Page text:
Review of the Electricity Market Design in the Context of the Energy Union: The Role of Regions
The Energy Union proposals (along with the more recent Clean Energy Package) place great emphasis on the Internal Electricity Market developing on a regional basis. However, these regions will develop at different speeds and in different ways, based on political considerations, infrastructure, markets and system operations. These different development paths, coupled with the political nature of the issues involved, mean that a single, clear, coherent governance structure is unlikely to emerge.
These are among the key findings of a new report from CERRE. Authored by Professor Nils-Henrik von der Fehr (Oslo), Professor Claude Crampes (Toulouse) and Graeme Steele (CERRE), the report examines the regions aspect of the Energy Union proposals and assesses if a model of regional development is desirable and can be made to work.
The key findings of the report include:
- That a ‘one size fits all’ approach cannot and should not be followed;
- The lack of consensus around this highly politicised issue will result in regional development varying significantly on the grounds of infrastructure, market and system operations;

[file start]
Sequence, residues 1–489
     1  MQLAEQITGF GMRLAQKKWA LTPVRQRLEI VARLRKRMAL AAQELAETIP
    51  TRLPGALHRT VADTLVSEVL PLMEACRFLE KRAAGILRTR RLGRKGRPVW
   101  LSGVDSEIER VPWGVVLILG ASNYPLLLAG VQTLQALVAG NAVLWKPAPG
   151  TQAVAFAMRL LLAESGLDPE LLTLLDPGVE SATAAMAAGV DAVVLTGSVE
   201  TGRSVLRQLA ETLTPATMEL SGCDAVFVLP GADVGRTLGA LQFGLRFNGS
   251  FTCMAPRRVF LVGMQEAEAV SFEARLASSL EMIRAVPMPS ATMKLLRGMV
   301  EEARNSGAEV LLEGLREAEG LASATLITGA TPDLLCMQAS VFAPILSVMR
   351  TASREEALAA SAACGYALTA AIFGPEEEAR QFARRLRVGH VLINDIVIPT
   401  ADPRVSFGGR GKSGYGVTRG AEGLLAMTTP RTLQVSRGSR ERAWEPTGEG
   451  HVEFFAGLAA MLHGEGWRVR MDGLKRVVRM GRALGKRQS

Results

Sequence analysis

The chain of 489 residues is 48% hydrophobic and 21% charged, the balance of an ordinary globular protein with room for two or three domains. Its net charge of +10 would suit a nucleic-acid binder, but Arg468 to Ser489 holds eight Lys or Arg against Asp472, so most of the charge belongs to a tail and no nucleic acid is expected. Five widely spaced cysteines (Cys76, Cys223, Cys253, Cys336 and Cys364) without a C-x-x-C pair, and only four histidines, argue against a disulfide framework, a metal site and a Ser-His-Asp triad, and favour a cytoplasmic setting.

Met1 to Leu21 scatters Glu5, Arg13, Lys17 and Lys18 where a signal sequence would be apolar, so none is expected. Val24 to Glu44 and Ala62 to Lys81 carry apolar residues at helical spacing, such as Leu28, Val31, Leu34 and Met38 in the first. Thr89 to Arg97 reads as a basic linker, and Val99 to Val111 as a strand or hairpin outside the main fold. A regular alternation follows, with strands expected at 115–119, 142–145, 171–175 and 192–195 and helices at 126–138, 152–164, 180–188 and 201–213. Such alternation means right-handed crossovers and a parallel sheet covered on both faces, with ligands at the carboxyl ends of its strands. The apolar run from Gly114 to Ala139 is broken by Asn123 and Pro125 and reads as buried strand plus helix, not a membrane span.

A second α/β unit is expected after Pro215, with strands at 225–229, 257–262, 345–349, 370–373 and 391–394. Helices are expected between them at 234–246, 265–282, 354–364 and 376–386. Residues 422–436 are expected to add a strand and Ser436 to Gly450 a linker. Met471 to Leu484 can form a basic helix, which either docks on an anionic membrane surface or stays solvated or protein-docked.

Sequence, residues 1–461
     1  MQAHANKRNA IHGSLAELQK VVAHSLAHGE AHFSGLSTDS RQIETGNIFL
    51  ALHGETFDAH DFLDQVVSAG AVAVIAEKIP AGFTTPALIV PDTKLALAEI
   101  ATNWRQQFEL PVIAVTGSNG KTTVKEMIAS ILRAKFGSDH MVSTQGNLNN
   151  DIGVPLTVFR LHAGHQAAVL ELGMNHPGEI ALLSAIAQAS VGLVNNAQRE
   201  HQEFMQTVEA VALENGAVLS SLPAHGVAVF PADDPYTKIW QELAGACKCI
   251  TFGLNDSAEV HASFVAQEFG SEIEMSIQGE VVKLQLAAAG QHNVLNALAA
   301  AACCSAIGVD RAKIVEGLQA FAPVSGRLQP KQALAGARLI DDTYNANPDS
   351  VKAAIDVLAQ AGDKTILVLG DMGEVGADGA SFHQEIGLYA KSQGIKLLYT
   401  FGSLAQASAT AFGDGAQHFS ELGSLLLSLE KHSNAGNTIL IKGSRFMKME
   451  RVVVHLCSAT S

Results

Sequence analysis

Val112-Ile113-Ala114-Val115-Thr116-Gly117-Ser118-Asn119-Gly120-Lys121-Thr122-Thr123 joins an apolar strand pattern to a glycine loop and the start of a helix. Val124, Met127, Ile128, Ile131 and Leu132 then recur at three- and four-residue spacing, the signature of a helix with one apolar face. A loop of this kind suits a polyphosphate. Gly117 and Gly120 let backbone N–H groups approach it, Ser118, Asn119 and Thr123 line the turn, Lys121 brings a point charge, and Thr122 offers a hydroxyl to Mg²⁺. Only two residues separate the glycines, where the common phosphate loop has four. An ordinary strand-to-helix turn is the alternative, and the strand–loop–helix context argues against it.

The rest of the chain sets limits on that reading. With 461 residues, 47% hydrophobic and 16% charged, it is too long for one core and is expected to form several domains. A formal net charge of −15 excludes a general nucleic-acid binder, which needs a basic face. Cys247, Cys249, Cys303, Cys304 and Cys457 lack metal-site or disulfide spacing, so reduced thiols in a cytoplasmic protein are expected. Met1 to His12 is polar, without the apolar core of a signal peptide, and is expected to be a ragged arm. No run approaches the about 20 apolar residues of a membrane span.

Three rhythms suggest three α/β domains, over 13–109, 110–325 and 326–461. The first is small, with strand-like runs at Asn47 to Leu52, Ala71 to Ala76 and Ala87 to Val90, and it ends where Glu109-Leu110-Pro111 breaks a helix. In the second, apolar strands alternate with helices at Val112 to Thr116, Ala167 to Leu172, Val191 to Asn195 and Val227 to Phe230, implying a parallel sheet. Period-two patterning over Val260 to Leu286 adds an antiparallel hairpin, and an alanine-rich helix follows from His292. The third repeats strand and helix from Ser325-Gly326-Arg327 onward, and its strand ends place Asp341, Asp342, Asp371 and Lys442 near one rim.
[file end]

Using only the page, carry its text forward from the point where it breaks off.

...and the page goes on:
- In the current climate, there is no realistic prospect of a single, clear governance structure for regions emerging;
- In the absence of this governance structure, the emerging Regional Security Coordination organisations may provide a focal point for regional cooperation amongst TSOs. However, these organisations may well be superseded by Regional Operational Centres as proposed in the EC’s Clean Energy Package, further complicating the picture;
- The proposals in the Clean Energy Package are likely to heighten the political nature of the regions question, and the eventual outcome will rest on how much responsibility (e.g. for security of supply aspects) member states will be prepared to pass from national to regional organisations.
CERRE Director General, Professor Bruno Liebhaberg, says: “The regional dimension of the Energy Union proposals is becoming ever more important. However, the findings of this new, original CERRE research shows that political considerations – largely related to security of supply – remain a key factor. Indeed the eventual policy outcomes on the regional dimension are in our view likely to be dominated by how these political aspects are resolved.”